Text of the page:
Featured Image for The world is trying to get excited about pizza-ordering tattoos

The world is trying to get excited about pizza-ordering tattoos

Hold the phone! Or put down the phone. Or don’t dial it in the first place, since you don’t need to for this. Well, 40 people in the world don’t anyway.

Introducing the latest wow in pizza marketing: Pizza Hut has created 40 temporary tattoos that will enable some lucky buggers to order a pizza without speaking to a soul.

I know, right, innovative!

Why the added step of a temporary tattoo would seem appealing to those 40 people, or anyone else, is beyond me. It’s a great if you think the standard way of ordering pizza is boring, but it’s unlikely faster and even more unlikely efficient. But hey, that’s marketing!

Here, have a look at the cheesy promo video below (oh my God, that pun was an accident):

The temporary tattoos work through Near Field Communication (NFC) and a Quick Response (QR) code. Each tattoo arrives with its owner’s fav pizza programmed into it, so all they have to do to is scan the tattoo with their phone, and the app will send the order through. Just confirm the order with a tap of a button and sit back and let the cheese-topped circle of dough come to your door, or put on your shoes and go pick it up.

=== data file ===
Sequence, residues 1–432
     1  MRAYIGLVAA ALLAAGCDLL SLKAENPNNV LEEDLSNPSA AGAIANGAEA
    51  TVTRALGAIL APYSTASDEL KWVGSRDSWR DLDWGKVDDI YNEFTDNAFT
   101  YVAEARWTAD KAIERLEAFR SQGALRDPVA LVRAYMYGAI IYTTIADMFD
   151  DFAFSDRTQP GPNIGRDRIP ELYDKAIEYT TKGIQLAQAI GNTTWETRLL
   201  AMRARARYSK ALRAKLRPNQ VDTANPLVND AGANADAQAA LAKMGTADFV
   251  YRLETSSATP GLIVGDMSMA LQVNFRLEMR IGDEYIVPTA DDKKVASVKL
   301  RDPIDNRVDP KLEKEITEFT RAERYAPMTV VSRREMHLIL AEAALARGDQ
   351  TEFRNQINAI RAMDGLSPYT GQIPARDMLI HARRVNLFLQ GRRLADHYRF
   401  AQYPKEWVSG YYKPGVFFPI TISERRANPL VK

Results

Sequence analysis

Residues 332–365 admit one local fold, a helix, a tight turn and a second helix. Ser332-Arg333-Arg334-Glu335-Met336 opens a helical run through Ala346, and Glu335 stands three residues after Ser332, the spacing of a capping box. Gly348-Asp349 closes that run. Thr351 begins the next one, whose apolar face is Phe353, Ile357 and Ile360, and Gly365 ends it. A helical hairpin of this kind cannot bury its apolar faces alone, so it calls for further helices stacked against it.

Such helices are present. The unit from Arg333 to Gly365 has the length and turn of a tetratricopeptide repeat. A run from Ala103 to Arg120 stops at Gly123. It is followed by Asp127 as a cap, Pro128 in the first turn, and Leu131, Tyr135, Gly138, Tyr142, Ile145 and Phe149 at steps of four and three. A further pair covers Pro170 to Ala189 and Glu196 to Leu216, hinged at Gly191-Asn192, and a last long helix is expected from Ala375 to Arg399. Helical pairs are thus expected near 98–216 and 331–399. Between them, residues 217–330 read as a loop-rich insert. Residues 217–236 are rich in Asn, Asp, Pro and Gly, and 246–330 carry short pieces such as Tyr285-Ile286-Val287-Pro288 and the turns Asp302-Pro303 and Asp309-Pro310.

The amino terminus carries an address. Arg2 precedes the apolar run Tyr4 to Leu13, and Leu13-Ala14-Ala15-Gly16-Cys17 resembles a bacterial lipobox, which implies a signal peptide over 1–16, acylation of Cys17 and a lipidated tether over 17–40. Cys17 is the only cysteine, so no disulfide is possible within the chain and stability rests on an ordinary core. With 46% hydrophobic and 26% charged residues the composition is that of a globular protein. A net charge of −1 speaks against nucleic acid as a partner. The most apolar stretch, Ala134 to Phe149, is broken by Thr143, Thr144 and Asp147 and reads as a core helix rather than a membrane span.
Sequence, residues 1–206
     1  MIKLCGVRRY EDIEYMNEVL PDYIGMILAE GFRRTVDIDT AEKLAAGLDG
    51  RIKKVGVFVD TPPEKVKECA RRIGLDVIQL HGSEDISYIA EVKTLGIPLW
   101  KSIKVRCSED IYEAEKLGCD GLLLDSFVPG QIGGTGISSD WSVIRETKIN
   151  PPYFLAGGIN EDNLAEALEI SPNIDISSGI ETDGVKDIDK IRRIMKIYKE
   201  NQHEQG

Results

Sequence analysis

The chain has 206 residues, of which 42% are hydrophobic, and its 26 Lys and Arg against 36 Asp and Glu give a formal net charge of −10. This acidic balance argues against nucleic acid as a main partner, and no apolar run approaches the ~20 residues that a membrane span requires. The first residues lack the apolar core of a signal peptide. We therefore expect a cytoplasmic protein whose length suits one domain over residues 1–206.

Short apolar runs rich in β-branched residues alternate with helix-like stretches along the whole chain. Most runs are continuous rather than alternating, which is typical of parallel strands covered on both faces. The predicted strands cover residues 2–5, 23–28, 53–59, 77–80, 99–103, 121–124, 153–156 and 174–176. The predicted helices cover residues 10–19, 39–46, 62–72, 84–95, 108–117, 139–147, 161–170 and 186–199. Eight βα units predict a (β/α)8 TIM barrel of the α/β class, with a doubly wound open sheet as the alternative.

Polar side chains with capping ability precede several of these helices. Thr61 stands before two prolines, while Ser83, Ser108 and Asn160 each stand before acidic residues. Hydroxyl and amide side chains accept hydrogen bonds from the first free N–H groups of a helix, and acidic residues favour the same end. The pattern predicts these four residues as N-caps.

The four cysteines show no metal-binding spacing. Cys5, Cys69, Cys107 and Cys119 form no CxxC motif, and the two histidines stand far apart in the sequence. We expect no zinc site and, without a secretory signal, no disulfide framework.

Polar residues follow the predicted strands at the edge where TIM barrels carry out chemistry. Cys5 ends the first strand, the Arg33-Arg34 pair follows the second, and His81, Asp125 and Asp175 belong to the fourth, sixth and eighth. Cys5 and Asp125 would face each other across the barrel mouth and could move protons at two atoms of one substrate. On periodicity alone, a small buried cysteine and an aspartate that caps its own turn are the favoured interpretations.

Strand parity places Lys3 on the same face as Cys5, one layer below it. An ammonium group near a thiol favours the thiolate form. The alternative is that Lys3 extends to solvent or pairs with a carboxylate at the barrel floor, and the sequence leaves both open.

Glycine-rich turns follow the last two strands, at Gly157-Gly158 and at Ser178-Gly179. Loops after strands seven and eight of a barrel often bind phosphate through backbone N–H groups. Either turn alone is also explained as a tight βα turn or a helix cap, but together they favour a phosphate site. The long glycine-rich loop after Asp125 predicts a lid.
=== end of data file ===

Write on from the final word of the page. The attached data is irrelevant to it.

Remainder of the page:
The details of how to secure yourself one of these magic tatts was on the Pizza Hut Facebook page, but being a promotion by the UK arm of the restaurant chain, we Aussies weren’t going to get one anyway.

With the Italian treat being one of the West’s most loved indulgences, it’s no surprise that pizza businesses are doing what they can to keep their customers happy.

Red Tomato Pizza in Dubai created a similar and arguably more practical device than the tatt: a VIP fridge magnet button that’s connected to your smart phone and delivery system. Others promotional campaigns, like Domino’s Ultimate Delivery Vehicle design contest and Naked Pizza campaign, have certainly been more inclusive than Pizza Hut’s fake ink.

Other pizza brand marketing has included everything from charities and loyalty programs to gaming and vending machines.

About the author

Jess believes that the best stories come from exploring and discovering new thoughts, ideas, people, places & ways of doing things. In turn, she spends a large proportion of her time on the outskirts of her comfort zone, writing her blog, comfortisforwimps.com

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